The Turkish Lira has sharply risen and seems to be on its way to stabilising after the Central Bank of Turkey raised interest rates yesterday, defying the orders of President Recep Tayyip Erdogan.
The country's central bank raised interest rates from 17.75 per cent to 24 per cent, implementing the first major change in the rates since April in order to stabilise and strengthen the Turkish currency against the US dollar.
The decision to increase the rates was in direct opposition to Erdogan, who has been described as an "enemy of interest rates". In attempts to reverse the effects on the economy, Erdogan urged Turks to trade in other currencies such as the dollar and euro for the Turkish Lira.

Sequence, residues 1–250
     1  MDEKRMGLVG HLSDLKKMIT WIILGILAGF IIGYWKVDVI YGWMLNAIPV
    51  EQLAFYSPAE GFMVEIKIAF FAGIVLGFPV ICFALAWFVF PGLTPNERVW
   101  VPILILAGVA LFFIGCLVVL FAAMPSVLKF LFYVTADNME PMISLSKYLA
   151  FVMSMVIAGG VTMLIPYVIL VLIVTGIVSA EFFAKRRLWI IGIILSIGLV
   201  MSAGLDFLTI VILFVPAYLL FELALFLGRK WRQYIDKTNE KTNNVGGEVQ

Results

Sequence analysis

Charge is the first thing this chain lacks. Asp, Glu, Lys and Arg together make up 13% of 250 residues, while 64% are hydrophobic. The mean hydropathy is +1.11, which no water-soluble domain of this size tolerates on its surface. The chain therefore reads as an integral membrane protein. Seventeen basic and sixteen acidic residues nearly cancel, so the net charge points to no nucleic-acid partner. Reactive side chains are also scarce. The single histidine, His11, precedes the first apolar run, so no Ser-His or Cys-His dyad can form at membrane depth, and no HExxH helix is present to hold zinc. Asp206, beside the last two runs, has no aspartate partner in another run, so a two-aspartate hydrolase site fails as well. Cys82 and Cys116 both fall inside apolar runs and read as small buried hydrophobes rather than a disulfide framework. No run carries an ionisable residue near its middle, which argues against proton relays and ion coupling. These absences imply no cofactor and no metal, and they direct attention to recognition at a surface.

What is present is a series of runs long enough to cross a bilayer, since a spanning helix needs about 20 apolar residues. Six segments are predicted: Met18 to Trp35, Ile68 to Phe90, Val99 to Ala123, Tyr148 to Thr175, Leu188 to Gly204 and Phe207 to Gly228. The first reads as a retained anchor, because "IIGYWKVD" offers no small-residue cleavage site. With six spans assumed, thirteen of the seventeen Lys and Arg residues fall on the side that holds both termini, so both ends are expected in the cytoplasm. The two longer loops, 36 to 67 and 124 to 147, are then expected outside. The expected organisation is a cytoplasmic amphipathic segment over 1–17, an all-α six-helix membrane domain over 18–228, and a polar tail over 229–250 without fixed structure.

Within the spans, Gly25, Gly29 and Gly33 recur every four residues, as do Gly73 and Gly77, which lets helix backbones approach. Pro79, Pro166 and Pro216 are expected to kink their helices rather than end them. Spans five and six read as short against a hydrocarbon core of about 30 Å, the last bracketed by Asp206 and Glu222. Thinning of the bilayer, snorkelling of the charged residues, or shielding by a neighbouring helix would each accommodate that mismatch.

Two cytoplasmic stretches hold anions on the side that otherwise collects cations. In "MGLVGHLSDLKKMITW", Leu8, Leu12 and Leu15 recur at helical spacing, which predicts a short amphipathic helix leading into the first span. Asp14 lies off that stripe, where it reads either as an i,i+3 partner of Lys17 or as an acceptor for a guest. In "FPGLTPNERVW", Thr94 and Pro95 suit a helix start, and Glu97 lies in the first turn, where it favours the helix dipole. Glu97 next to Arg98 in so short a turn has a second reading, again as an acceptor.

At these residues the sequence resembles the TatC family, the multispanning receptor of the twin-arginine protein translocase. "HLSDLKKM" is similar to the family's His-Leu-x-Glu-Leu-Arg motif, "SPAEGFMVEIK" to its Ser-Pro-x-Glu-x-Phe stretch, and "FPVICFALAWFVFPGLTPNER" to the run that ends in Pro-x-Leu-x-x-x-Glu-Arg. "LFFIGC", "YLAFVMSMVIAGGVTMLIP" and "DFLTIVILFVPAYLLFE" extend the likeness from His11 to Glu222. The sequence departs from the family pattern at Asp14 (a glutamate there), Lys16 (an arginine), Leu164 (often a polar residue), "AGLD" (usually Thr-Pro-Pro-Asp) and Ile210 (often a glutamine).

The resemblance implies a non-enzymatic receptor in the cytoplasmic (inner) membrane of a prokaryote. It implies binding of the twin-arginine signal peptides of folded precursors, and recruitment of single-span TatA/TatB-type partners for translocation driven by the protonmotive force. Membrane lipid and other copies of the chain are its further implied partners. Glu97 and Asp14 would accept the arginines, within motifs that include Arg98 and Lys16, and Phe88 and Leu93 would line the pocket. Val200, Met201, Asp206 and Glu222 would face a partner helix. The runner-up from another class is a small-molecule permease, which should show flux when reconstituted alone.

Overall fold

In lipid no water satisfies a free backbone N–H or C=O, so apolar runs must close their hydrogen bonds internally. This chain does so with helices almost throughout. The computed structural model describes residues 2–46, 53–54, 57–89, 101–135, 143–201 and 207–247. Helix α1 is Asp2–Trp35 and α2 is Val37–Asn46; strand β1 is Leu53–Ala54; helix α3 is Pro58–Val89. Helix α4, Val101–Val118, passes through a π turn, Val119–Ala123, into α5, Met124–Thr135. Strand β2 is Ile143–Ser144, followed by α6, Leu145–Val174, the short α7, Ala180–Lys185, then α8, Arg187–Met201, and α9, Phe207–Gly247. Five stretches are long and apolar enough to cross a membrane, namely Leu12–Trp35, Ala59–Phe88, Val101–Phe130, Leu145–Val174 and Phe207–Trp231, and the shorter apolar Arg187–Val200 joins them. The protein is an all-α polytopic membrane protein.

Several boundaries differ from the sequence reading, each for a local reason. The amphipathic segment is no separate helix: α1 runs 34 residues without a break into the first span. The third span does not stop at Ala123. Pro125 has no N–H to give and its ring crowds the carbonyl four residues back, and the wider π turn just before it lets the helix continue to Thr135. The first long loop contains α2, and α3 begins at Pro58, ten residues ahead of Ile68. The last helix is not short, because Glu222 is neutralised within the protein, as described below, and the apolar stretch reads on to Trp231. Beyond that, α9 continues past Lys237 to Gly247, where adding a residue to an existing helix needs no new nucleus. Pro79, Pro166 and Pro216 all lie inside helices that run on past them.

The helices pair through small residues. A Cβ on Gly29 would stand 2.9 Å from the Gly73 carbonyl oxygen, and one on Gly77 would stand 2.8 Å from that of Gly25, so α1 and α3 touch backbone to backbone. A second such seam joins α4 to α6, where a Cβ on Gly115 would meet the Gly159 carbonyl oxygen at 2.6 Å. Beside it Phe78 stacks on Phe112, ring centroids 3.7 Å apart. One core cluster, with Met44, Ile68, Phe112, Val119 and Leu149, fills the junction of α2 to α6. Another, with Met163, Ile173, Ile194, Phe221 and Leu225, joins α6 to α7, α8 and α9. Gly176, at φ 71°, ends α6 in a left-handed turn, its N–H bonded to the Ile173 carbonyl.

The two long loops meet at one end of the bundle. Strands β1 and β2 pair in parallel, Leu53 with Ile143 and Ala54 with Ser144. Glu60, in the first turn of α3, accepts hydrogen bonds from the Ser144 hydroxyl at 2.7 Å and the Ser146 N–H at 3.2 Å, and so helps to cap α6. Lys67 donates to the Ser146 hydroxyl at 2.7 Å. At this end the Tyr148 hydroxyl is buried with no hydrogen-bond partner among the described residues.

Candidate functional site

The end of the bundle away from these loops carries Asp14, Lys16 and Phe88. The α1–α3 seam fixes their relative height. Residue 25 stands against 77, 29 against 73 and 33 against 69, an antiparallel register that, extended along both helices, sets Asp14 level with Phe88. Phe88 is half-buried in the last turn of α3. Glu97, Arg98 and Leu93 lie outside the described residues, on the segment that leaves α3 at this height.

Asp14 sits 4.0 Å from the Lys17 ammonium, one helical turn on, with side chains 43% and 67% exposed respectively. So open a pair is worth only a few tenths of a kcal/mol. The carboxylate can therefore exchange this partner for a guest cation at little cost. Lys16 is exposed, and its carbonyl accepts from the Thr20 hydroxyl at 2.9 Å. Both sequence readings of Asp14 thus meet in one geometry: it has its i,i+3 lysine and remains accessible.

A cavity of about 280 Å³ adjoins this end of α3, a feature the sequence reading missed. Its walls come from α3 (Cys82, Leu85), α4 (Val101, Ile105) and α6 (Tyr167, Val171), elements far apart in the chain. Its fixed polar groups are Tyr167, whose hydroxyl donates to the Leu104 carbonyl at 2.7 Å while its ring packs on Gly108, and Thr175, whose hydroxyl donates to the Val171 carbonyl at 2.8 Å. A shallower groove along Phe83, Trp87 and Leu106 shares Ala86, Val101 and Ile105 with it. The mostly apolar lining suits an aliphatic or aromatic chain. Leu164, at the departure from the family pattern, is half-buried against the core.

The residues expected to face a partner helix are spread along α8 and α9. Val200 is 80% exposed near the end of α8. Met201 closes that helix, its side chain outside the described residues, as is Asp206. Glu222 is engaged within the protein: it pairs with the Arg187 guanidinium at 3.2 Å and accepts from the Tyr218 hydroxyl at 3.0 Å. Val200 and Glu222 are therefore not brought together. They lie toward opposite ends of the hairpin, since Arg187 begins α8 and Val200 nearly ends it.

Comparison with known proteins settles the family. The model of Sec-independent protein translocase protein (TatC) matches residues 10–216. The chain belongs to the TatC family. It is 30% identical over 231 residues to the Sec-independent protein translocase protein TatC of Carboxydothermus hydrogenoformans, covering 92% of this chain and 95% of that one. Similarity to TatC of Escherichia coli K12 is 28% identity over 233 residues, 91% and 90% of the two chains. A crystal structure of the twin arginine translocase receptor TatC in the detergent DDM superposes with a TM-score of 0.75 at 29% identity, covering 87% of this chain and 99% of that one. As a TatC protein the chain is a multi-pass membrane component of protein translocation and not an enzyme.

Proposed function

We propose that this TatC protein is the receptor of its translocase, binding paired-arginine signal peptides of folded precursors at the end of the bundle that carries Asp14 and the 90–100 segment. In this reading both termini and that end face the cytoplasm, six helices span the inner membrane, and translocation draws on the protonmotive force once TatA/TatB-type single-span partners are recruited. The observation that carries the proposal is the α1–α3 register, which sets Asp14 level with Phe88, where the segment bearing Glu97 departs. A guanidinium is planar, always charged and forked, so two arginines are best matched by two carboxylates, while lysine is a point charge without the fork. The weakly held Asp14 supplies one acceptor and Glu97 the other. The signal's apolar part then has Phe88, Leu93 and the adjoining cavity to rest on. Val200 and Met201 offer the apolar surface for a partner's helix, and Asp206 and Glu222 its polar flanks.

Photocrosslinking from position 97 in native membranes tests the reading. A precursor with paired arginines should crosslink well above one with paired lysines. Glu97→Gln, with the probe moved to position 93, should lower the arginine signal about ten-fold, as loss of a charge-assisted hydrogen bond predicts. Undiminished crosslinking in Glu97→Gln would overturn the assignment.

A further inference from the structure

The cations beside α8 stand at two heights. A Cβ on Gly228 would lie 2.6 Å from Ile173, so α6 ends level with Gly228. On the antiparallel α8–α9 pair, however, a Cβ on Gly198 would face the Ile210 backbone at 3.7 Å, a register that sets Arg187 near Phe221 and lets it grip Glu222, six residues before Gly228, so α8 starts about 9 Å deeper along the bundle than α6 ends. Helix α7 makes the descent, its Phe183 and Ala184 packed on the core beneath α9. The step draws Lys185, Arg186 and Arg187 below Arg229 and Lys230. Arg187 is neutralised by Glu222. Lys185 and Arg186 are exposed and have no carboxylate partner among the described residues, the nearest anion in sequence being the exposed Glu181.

The central bank, political opposition, and Western economists have been urging Erdogan and his government to take action since the Lira plummeted by 40 per cent in August. The president, however, argued that it was not the low interest rates that were responsible for the economic downturn and high inflation rates, but it was a result of the bank's incorrect steps.
Erdogan also warned that the US is waging a global economic war and Turkey is one of its main targets. His claims come as the US threatens sanctions on Ankara after increasing taxes on Turkish products.